Rare pink dolphin are back in Hong Kong as lockdown halts ferry traffic

From multiple successful turtle hatchings around the world to decreasing rates of rhino poaching in South Africa, coronavirus lockdowns have been a blessing to many species of wildlife. More recently, scientists have discovered that diminished human activity has also benefited the elusive pink dolphin, whose return to the seas around Hong Kong has come to the delight of conservationists.

Since boat and ferry traffic was suspended in the region in March, sightings of the rare pink dolphin – often referred to as the Indo-Pacific humpback dolphin or the Chinese white dolphin – have risen by 30 percent, following their rapid adaptation to the quiet environment and offering hope for their populations, according to the research.

Overfishing, water pollution, and disturbance from marine transportation have all led to a decline in the population of this vulnerable dolphin species, leaving an estimated population of 2,500 in the Pearl River Estuary, which includes Hong Kong.

Following the lockdown and the subsequent lack of human activity over the waters, marine scientists have dropped microphones from a boat and used drones to monitor the state of the dolphins. The results suggested that the animals were quick to adapt to the quiet environment and that now the population could bounce back.

“What we have noticed since the ferries have stopped in this area is dolphins we hadn’t seen for four, five, six years are back in the Hong Kong habitat, so it seems very quickly that the dolphins have come back into this waterway,” said marine scientist Lindsay Porter, who has researched dolphins for three decades from Hong Kong.

“Normally this entire area would be full of fast ferries taking people from Hong Kong to Macau and back again. Since the COVID pandemic started in Macau and a lot of areas have had restricted travel, the fast ferries have stopped. And these waters have become very, very quiet,” added Porter.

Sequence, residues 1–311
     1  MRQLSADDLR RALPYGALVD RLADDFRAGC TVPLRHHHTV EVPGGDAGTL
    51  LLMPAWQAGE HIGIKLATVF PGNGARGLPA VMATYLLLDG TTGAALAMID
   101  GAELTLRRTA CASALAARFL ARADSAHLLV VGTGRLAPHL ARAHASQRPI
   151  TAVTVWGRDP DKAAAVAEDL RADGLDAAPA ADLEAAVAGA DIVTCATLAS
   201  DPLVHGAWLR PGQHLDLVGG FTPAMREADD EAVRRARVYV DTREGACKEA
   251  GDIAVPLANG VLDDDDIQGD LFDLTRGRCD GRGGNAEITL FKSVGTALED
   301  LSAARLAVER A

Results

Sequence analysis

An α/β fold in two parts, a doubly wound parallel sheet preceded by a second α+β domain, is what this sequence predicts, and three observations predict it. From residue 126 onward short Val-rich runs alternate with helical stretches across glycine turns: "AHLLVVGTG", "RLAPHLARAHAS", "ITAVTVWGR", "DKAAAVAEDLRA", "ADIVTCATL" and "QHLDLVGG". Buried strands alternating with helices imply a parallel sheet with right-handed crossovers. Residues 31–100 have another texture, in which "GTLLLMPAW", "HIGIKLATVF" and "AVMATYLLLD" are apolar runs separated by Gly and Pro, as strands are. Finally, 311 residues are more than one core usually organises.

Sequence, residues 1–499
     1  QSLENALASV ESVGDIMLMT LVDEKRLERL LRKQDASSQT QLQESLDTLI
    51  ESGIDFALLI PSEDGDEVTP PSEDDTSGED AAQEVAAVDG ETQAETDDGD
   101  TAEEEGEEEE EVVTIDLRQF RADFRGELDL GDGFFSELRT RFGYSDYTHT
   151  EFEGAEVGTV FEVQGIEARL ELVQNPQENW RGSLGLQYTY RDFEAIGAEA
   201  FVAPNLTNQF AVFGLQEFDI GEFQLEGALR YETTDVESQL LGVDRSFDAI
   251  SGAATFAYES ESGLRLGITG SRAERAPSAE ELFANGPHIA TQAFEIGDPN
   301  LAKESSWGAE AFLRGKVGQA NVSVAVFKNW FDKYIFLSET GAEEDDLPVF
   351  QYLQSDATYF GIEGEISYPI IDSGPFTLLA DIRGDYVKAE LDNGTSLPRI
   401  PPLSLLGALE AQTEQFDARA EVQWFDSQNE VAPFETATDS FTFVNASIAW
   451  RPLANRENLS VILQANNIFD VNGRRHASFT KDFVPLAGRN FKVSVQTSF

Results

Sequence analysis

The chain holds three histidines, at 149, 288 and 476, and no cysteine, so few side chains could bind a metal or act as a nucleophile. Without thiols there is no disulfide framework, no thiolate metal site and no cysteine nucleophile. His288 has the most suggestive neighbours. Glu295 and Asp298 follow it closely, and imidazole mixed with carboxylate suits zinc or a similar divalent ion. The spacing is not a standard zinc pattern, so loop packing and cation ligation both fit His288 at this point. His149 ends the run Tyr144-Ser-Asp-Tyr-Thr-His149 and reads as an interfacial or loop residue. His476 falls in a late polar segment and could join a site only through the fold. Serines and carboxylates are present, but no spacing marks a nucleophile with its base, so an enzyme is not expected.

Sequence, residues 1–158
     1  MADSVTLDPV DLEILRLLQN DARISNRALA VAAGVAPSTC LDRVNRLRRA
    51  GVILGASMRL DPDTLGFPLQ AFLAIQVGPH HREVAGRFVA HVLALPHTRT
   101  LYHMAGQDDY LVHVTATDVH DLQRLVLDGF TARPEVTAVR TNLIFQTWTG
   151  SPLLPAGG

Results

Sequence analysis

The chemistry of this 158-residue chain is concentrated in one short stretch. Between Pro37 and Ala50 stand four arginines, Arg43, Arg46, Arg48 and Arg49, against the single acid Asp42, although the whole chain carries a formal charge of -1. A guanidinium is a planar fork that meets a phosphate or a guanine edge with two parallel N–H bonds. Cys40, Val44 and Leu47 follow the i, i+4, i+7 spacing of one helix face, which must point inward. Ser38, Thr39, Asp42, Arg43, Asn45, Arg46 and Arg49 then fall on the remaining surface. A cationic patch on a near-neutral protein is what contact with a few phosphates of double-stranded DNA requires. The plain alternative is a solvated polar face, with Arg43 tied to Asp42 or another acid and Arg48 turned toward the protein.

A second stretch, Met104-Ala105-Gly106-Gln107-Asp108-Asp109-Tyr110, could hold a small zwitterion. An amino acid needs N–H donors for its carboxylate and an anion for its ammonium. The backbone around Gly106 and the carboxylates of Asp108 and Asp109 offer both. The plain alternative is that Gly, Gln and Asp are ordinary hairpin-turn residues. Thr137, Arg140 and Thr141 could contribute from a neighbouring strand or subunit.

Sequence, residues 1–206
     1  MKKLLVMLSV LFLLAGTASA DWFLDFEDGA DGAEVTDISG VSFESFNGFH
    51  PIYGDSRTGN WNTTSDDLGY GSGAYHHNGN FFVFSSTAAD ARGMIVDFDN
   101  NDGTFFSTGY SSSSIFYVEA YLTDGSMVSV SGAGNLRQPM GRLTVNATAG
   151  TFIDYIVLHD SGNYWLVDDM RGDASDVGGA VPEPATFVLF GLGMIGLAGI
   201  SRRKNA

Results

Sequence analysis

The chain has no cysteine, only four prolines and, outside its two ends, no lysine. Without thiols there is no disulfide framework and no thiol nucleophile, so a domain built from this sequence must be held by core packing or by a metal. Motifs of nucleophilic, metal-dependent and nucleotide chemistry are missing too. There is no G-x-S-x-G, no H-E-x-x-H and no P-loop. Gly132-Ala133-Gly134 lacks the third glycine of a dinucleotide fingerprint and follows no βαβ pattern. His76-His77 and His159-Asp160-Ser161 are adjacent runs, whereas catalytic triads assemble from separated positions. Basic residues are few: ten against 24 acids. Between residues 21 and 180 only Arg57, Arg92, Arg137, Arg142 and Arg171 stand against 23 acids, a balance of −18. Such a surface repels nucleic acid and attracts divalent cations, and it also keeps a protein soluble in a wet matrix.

Solution News Source

Rare pink dolphin are back in Hong Kong as lockdown halts ferry traffic

From multiple successful turtle hatchings around the world to decreasing rates of rhino poaching in South Africa, coronavirus lockdowns have been a blessing to many species of wildlife. More recently, scientists have discovered that diminished human activity has also benefited the elusive pink dolphin, whose return to the seas around Hong Kong has come to the delight of conservationists.

Since boat and ferry traffic was suspended in the region in March, sightings of the rare pink dolphin – often referred to as the Indo-Pacific humpback dolphin or the Chinese white dolphin – have risen by 30 percent, following their rapid adaptation to the quiet environment and offering hope for their populations, according to the research.

Overfishing, water pollution, and disturbance from marine transportation have all led to a decline in the population of this vulnerable dolphin species, leaving an estimated population of 2,500 in the Pearl River Estuary, which includes Hong Kong.

Following the lockdown and the subsequent lack of human activity over the waters, marine scientists have dropped microphones from a boat and used drones to monitor the state of the dolphins. The results suggested that the animals were quick to adapt to the quiet environment and that now the population could bounce back.

“What we have noticed since the ferries have stopped in this area is dolphins we hadn’t seen for four, five, six years are back in the Hong Kong habitat, so it seems very quickly that the dolphins have come back into this waterway,” said marine scientist Lindsay Porter, who has researched dolphins for three decades from Hong Kong.

“Normally this entire area would be full of fast ferries taking people from Hong Kong to Macau and back again. Since the COVID pandemic started in Macau and a lot of areas have had restricted travel, the fast ferries have stopped. And these waters have become very, very quiet,” added Porter.

Solution News Source

SIGN UP

TO GET A Free DAILY DOSE OF OPTIMISM


We respect your privacy and take protecting it seriously. Privacy Policy